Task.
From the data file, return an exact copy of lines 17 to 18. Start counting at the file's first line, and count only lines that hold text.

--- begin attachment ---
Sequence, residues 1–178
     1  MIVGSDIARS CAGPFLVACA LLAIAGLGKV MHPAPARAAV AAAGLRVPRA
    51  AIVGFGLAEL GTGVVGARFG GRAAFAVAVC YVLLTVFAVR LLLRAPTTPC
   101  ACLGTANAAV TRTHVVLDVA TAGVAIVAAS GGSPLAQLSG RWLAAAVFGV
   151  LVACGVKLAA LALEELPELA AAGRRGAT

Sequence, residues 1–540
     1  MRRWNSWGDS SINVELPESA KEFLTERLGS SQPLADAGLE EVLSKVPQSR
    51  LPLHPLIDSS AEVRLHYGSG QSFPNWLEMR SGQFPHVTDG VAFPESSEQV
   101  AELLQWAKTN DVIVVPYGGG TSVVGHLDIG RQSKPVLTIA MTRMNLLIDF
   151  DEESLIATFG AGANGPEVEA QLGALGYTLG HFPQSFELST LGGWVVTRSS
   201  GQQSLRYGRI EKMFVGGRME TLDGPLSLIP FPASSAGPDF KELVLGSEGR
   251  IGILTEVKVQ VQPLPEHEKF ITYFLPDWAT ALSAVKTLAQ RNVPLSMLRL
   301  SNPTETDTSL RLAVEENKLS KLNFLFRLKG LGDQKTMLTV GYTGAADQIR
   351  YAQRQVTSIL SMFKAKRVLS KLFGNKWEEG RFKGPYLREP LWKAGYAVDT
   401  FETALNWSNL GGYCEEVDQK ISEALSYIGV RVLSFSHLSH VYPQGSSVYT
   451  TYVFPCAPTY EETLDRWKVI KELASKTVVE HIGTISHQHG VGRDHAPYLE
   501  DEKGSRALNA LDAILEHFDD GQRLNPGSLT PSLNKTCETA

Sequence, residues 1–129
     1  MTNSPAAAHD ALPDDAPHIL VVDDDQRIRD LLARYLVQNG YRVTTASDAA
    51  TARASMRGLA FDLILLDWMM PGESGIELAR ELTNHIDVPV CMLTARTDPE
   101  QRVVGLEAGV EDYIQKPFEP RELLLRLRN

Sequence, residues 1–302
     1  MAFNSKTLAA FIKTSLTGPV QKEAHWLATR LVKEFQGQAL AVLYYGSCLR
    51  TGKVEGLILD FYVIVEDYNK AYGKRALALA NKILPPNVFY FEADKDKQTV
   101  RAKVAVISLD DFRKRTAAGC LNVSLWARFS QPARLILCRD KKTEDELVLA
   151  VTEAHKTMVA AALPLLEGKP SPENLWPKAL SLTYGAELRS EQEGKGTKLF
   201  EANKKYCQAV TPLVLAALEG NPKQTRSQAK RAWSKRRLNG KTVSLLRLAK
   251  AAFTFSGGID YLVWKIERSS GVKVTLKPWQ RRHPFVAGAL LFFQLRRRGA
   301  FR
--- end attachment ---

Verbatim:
   501  DEKGSRALNA LDAILEHFDD GQRLNPGSLT PSLNKTCETA

Sequence, residues 1–129